What's one of the main reasons seniors are forced into assisted living or nursing homes? It's the bathtub.
Think about it: You can hire someone to come in and clean Mom's house. You can get services, including Meals on Wheels, to deliver food to her. But there is nobody around to help her get in and out of the bathtub. Bathtubs are a killer, at least when it comes to the idea of independent living.
Bathrooms, literally, are where the elderly fall and can't get up. It's where they slip on wet tile, scald themselves because they get confused about the shower temperature dial, and eventually start to skip bathing altogether rather than deal with the hassle of swinging a leg over a 23-inch wall to get in and out of the tub. And showers? They are crash-and-burn city, much like the tub. Just a two-inch shower basin lip is going to bring a wheelchair to a screeching halt.
While home designers have been busy concocting outdoor kitchens and backyard living rooms, bathtub design has remained virtually unchanged since the early 1700s; showers haven't changed much since the early 1800s unless you count the solar-heated ones that campers sling over a tree branch, and we're not counting them as a likely aid to keep the nursing home at bay.
But like all things boomer, it just took enough of us to have the same problem before someone came up with a clever solution for it. So we now are in the (relative) infancy stage of walk-in bathtubs and showers with seats. While I remember my mother keeping a plastic folding chair in the shower so she could sit while she shaved her legs, shower chairs are now a bit more thoughtfully designed. Some swivel so that post shower, exiting the chair on to a dry floor mat is possible. Shower grip rails can also be installed to ease the hoist.
The big debate over walk-in tubs is whether the door should swing inward or outward -- the belly button debate in a way. Outward door supporters say that water pressure on the door traps you inside the tub in an emergency, so better to get one that opens outward. Inward door advocates say an exit emergency is rare compared to the every-day difficulty of outward opening doors require that you step away from your target (the target being the tub).
Either way, the tub has rails to help you get up from sitting position.
What I don't understand is why we haven't adopted the European small hotel model for bathrooms, the one where the entire room becomes the shower and after forgetting to put the toilet paper outside the room once or twice, you get the knack of just drenching what you need drenched. The room has a drain in the middle and afterward, you just use your towel to mop up the mess. Not working for you, eh?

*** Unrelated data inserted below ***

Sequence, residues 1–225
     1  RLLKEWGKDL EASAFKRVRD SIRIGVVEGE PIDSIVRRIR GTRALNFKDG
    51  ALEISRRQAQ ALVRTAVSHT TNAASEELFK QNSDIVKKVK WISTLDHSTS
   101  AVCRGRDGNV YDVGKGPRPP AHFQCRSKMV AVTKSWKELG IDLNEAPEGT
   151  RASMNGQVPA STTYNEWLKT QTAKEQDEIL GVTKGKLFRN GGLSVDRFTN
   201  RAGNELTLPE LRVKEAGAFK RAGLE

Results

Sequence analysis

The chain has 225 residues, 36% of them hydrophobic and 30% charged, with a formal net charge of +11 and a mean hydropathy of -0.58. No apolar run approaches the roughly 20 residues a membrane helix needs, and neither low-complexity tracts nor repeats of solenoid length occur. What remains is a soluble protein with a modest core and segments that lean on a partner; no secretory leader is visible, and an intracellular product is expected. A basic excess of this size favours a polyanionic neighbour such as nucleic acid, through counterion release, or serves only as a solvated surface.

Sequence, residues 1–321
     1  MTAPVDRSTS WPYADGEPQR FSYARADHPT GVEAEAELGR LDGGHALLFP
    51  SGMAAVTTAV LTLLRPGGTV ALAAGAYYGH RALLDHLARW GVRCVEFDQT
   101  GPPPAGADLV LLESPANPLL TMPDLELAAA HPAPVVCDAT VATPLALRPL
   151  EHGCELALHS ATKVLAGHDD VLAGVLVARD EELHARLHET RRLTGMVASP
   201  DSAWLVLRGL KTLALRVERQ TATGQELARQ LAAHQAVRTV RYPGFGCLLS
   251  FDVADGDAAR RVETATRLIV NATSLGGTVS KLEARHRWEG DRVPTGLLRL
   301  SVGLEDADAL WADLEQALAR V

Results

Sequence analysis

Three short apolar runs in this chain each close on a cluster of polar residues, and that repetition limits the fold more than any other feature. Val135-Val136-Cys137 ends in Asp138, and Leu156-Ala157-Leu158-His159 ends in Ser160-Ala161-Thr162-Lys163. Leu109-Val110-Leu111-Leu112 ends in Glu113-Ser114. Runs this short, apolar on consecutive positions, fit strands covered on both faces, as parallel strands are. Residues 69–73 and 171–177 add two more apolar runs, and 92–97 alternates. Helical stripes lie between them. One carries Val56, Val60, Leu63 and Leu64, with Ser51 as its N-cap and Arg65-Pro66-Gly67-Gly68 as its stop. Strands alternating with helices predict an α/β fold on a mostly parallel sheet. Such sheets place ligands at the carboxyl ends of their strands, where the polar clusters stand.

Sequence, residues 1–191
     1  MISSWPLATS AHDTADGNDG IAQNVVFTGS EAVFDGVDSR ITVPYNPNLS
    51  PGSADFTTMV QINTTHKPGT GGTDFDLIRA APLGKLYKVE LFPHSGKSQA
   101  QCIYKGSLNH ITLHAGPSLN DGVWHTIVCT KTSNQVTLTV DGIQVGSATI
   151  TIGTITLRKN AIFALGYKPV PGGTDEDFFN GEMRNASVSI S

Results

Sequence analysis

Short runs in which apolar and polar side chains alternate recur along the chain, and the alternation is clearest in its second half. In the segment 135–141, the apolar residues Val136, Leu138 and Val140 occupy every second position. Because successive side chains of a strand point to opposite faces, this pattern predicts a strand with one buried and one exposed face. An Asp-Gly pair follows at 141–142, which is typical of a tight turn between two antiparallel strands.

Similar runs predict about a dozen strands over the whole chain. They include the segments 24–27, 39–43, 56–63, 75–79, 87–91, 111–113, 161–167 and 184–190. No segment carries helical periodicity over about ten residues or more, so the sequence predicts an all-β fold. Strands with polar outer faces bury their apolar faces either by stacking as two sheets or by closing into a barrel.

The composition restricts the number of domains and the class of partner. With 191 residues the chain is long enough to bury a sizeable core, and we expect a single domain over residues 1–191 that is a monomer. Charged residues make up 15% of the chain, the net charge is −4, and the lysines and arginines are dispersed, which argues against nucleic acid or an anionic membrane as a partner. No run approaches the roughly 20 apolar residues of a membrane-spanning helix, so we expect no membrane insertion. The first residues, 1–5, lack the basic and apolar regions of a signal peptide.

But boomers' desire to stay in their homes and have their parents stay in theirs for as long as possible has spawned a cottage industry. The folks at Kite and Rocket Research specialize in inventing and manufacturing products precisely to stave off the nursing home day of reckoning. Company founder Robert Victor is currently working on a device tentatively called the Standing Lift that helps lift people who have fallen to the floor back to their feet. The person on the ground sits on the base of this device while another person winds a small mechanical wheel to lift them up off of the floor -- back into a standing position.
This, says Victor, avoids the need to call a relative or ambulance for help just to get up. Can we skip the 10,000 comments saying if an elderly person falls to the ground, it's probably not such a bad idea that he gets checked over anyway, even if he does manage to get back on his feet?
Falls are the second-leading cause of unintentional injury deaths and the most common cause of injuries and of hospital admissions for trauma. One of every three adults 65 or older suffers a fall each year. And of those who fall, two thirds fall again within six months. The majority of falls occur in the home -- that very same home we all want to stay in.